Methodologies for Developing Adult Financial Education

Developing an adult financial education program requires a certain touch that takes into account the unique perspective of an adult learner. If you’re in process of working toward creating coursework in financial education for adults, you’ve reached a good place from which to commence your efforts. We offer tips and guidance for tailoring money lessons to adult audiences here.

Distinctive Points Regarding Financial Education for Adults

Anyone developing personal finance education for adults should become familiar with the three main phases in which adult learners may find themselves: Recovery, Foundation, or Growth.

At the recovery level, adult financial education should address difficulties the audience has already encountered. There are multiple possible pitfalls they may have run into – but they tend to cluster into these main areas:

1. They formed bad money habits young; problems spiraled out of control.

2. They haven’t defined how much money they need to sustain their lifestyles.

3. They never created financial plans.

4. They never received financial training.

5. They don’t have trusted financial mentors, or take tips from people who don’t know what they’re talking about.

6. They miscalculate returns they expect to get on investments.

The foundation level represents the stage at which adults are just starting out. Here they need to foster financial security in the short-term, while beginning to formulate plans for the longer-term.

The growth phase occurs after adults have formed solid foundations; they can turn focus toward long-term planning and putting plans into action.

Systems for Adult Financial Education Operations

Personal Finance Education for Adults: Where do they Fall on the Stages of Change Model?

The next consideration in developing personal finance education for adults is where the audience currently stands in terms of their readiness to make alterations in their behavior. Adult groups want to know about money topics that are relevant to their current life decisions. You can rely on the Transtheoretical Behavior Change Model (Prochaska & DiClemente, 1984) to gauge how willing they are to modify their actions.

The NFEC has identified strategies for teaching adult financial education at each of the Stages of Change:

Precontemplation – They haven’t developed any ideas about changing behavior. Use methods to help people increase their long-term awareness and recognize that their behavior may be problematical.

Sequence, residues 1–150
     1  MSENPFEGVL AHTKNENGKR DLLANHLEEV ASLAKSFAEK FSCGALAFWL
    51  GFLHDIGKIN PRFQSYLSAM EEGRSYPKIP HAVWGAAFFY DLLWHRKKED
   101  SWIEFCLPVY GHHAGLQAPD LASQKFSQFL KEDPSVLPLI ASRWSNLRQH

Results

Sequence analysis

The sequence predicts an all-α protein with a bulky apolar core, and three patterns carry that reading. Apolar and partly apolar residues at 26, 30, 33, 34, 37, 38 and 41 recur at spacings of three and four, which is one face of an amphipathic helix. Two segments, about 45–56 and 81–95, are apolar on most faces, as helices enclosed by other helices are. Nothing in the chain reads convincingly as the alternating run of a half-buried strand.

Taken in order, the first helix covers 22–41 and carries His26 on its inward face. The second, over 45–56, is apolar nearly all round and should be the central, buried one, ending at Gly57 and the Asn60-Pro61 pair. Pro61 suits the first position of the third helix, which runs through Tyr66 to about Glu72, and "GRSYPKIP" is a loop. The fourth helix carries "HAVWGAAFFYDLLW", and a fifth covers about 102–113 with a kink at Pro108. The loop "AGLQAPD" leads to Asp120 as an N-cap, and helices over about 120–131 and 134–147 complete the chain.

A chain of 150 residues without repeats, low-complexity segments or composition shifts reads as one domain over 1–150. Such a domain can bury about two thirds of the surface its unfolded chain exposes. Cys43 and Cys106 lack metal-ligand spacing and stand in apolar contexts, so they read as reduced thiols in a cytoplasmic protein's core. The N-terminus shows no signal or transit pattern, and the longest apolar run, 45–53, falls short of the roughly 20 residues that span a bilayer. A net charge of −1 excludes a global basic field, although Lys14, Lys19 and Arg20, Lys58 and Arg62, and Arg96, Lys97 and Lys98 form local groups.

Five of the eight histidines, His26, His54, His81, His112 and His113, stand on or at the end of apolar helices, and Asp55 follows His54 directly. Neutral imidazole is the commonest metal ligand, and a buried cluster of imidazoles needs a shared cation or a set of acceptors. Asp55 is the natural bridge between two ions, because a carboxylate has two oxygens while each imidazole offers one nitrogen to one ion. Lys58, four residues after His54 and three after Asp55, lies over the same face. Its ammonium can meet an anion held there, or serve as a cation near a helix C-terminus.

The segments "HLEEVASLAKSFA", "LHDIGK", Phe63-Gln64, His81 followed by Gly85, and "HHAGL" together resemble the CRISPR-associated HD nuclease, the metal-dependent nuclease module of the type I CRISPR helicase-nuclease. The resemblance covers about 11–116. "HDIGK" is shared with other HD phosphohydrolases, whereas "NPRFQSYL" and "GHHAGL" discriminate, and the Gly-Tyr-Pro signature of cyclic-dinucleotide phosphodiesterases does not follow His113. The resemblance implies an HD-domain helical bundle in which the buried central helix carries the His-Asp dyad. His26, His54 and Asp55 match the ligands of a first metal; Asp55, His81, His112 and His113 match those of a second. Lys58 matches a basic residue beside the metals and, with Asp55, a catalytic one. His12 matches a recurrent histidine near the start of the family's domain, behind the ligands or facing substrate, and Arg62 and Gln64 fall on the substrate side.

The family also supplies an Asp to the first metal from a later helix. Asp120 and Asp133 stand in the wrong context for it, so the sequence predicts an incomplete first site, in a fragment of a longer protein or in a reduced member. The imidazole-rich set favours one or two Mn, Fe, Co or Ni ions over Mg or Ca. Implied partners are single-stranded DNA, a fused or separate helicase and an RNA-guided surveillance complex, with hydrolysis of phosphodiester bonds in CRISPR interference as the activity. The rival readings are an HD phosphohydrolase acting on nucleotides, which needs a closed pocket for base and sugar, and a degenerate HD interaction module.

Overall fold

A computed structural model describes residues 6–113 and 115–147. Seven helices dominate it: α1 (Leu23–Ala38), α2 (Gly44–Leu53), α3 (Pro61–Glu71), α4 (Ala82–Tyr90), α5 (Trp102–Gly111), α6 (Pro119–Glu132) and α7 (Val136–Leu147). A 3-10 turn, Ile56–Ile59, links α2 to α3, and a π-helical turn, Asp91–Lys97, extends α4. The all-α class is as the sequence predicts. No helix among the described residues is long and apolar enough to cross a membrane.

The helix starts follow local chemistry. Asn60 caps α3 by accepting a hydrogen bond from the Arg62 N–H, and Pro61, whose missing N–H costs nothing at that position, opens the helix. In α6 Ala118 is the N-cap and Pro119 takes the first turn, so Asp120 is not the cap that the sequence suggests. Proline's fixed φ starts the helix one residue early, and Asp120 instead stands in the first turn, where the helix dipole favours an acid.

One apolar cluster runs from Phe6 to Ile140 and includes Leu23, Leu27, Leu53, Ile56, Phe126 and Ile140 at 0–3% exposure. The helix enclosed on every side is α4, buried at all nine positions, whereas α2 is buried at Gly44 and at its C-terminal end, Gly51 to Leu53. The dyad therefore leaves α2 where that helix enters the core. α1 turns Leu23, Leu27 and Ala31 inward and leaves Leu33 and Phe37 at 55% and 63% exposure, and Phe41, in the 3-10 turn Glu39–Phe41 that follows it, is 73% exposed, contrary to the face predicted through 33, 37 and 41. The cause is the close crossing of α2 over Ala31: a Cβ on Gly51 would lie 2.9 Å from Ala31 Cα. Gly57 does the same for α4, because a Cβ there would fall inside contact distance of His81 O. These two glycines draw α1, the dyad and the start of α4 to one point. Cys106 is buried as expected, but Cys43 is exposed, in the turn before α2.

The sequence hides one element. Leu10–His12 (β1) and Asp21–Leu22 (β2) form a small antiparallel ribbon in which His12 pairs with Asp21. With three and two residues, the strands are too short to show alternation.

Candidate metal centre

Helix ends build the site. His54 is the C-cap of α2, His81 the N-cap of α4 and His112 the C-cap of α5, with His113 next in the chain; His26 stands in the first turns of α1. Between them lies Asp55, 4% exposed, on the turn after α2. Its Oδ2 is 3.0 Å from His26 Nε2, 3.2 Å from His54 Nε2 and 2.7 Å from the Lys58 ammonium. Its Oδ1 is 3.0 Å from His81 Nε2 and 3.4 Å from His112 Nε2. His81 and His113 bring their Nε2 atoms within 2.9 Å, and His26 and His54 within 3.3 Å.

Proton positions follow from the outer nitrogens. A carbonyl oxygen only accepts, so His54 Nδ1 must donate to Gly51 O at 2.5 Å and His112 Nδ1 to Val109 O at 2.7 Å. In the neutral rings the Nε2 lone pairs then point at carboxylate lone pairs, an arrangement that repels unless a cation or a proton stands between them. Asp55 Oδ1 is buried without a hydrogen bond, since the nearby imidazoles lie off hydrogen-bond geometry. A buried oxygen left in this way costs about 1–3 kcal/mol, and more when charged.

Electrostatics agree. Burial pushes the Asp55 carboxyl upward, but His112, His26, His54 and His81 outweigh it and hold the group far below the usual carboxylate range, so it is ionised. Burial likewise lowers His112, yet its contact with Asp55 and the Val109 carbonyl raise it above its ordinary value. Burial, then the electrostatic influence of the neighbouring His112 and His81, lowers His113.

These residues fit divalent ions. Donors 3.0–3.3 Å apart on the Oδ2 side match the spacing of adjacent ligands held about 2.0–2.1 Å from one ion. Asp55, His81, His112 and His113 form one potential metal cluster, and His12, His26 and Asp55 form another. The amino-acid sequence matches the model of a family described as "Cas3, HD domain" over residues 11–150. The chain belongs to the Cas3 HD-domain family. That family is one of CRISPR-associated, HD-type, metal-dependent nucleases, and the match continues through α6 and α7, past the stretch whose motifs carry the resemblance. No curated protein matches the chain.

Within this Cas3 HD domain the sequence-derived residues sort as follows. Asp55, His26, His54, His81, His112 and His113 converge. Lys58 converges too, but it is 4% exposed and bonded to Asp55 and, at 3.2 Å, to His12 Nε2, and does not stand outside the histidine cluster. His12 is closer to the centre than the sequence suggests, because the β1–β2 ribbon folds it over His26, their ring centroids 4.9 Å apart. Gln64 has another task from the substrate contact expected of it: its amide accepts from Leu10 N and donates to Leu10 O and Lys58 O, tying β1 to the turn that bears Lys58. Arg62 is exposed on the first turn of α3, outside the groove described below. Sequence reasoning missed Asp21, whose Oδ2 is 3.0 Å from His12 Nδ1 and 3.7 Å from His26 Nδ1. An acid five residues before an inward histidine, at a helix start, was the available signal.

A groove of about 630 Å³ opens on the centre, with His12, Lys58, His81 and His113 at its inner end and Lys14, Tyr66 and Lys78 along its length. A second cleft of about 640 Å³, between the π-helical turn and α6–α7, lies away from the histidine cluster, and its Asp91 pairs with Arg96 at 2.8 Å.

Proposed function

Contemplation – They’re starting to think about the benefits and drawbacks of what they’re doing. Use Neuro-linguistic Programming (NLP) methods to help learners identify benefits and consequences of their behavior.

Preparation – They’re getting ready to make changes. Provide action steps to guide participants forward.

Action – They have made a few modifications to their lifestyles and financial decisions. Offer continuing education components to reinforce their efforts.

Maintenance – They’ve changed their actions and have plans to keep them in place. Give support to help them stay on course and avoid overconfidence.

Termination – Their positive behavior change has become habit, so they can take it from here.

Church Pastor Teaching Adult Financial Education

Most people grasp the value of auto and homeowners’ insurance. But few people completely understand how life insurance fits in. Life insurance may be the single most important purchase people make. There are important tips they need to know about buying life insurance, information that should lie at the heart of a solid adult financial education.

As with any large purchase, buying life insurance has several potential pitfalls. Any adult financial literacy program should teach people how to avoid those mistakes. Choosing the best company, finding a good agent, and reviewing policies periodically are crucial to getting the right life insurance for your needs.

The National Financial Educators Council has developed a financial literacy curriculum for adults called Road to Retirement. A comprehensive insurance presentation covering life, disability, and long-term care insurance is part of the series. Tony Steuer, CLU, LA, CPFFE (Director of Financial Preparedness for United Policyholders) wrote the accompanying adult financial education insurance workbooks. Forbes named the life insurance workbook to its list of the top 9 great investment books.

As part of this financial education program, Tony recommends that people go over the following list every 2-3 years:

  1. Review your life insurance coverage. Make sure the product and coverage levels meet your needs. Review how long you need the coverage and whether the policy fits your budget.
  2. Make sure you fully understand the policy, terms, and definitions. Will the insurance meet your expectations?
  3. For a cash value life insurance policy, request an in-force illustration to help ensure that your policy will continue as long as you expect. Lower than expected interest rates/dividends or higher mortality costs may cause policies to terminate prior to maturity.
  4. Request written confirmation of contracts and beneficiaries. Keep your policy in a safe place where your advisors and/or beneficiaries can find it.
  5. Check to see if newer policies have hit the market that meet your needs better.

Tony Steuer’s vision is to provide financial education services so that all Americans can understand and monitor their insurance portfolios. Every program that teaches financial education for young adults through seniors should cover insurance—such a large part of the average person’s budget.